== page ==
Photo essay for the Special Initiative “From Fear to Resilience: Visual Storytelling of COVID-19 in Southeast Asia” by SEA Junction and Partners.
|Title:||Caregiving and Activism in COVID Times|
|Storyteller/Photographer:||Chi Laigo Vallido|
At 9:00PM we arrived at the emergency room of a hospital in the City of Manila. This isn’t our first trip to the emergency room due to a severe asthma attack. But this was our first time during this pandemic.
For a few months into the pandemic, health and rights advocates navigated through a drastic change in work set-up. As schools and offices closed down to prevent the spread of the virus, our homes have been re-arranged as extended offices. The dinner table or one’s bedroom dresser doubles as an office desk. The computer and smart phone cameras during online meetings have invaded the privacy of our homes. As advocates of policies that champion women’s and children’s rights, we are used to engaging legislators in the Halls of Congress and the streets of Manila. But the virtual platform has now become the gathering space of advocates.
But advocates are caregivers too and are not immune to COVID-19. As the virus rages across the country, Facebook posts have soon turned into obituary pages. COVID slowly creeps closer to home. We read about colleagues getting sick and dying or their loved ones. Instead of tight hugs of sympathy, we could only type our condolences in comment sections on Facebook posts.
“Facebook is the new EDSA”
After 19 months since the first COVID-19 case was detected in the country, many of us are still working from home or under a hybrid (partial home and office) set-up. We’ve learned to use the virtual platform that’s available. In 1986, thousands of Filipinos gathered in EDSA (Epifanio de los Santos Avenue) in what has since been known as the EDSA People Power Revolution. But with more advocates stuck at home during the many months of lockdown, social media has become a venue to call out gaps in the management of the pandemic. That’s why many have called social-media as the country’s new EDSA where people or Netizens of common interests and concerns have found support. In some cases, due to massive commentaries on social media, a number of unjust policies related to COVID response had been withdrawn. Like the use of motorcycle shield or barriers for backriders that had been scrapped.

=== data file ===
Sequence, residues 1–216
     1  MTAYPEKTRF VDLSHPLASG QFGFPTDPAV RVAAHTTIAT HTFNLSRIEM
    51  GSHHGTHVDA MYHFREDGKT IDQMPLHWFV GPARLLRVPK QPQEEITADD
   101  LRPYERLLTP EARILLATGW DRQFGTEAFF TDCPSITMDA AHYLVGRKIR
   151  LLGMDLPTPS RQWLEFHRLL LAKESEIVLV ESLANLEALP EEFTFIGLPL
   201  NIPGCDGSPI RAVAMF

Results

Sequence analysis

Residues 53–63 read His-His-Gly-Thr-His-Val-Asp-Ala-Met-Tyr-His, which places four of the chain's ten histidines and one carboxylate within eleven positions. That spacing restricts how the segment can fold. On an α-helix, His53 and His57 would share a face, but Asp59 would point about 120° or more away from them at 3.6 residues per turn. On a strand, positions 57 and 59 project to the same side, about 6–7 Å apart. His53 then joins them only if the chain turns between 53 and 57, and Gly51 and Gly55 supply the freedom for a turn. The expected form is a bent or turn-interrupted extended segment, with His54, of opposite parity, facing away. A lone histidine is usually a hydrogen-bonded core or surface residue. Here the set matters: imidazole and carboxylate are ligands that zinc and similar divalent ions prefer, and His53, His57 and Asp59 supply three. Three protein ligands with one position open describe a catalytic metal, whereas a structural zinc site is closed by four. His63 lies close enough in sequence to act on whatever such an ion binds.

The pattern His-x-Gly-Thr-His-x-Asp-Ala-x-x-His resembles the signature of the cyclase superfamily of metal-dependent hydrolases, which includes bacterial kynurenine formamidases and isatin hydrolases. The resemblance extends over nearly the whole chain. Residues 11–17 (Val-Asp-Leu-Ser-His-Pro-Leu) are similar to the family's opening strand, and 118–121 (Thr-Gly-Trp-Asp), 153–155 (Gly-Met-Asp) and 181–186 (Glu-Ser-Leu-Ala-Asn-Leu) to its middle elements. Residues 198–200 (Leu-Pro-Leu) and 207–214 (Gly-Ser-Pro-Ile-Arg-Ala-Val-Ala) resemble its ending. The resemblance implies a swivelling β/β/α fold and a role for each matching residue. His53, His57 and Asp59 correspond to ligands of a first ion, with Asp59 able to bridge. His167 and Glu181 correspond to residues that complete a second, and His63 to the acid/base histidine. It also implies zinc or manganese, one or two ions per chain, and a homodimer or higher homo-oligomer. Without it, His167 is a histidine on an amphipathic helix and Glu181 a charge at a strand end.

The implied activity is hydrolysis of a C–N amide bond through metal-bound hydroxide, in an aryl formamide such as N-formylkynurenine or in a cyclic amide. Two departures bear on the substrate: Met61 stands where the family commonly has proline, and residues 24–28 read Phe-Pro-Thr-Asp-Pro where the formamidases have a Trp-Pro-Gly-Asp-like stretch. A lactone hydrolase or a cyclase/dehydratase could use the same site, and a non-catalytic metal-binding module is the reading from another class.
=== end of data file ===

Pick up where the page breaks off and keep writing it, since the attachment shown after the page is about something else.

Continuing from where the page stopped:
As cases continue to rise, advocates, activists and the woke citizenry must continue to face the advocacy issues through the screens of our computers, laptops and phones until we are able to join arms again in the streets of Manila with our megaphones and banners. For now, the sound of vehicles in the streets during rallies had been replaced by barking dogs or crows of roosters. Endearing sounds. Distracting when you’re speaking but we adapt and carry on.
Chi Laigo Vallido is an independent filmmaker, fundraiser, media content strategist and the director for programs and advocacy of the Forum for Family Planning and Development, a civil society organization.
“From Fear to Resilience: Visual Storytelling of COVID-19 in Southeast Asia” is a special initiative of SEA Junction supported partly by the China Medical Board (CMB) Foundation to promote an alternative narrative of survival, resilience and solidarity. We are asking for short stories in the form of photo essays, short documentaries and illustrated art essays in any language of Southeast Asia (to be later translated into English) or in English. For more background and other stories click here.
SEA Junction, established under the Thai non-profit organization Foundation for Southeast Asia Studies (ForSEA), aims to foster understanding and appreciation of Southeast Asia in all its socio-cultural dimensions- from arts and lifestyles to economy and development. Conveniently located at Room 408 of the Bangkok Arts and Culture Center or BACC (across MBK, BTS National Stadium), SEA Junction facilitates public access to knowledge resources and exchanges among students, practitioners and Southeast Asia lovers. For more information see www.seajunction.org, join the Facebook group: http://www.facebook.com/groups/1693058870976440/ and follow us on twitter and Instagram @seajunction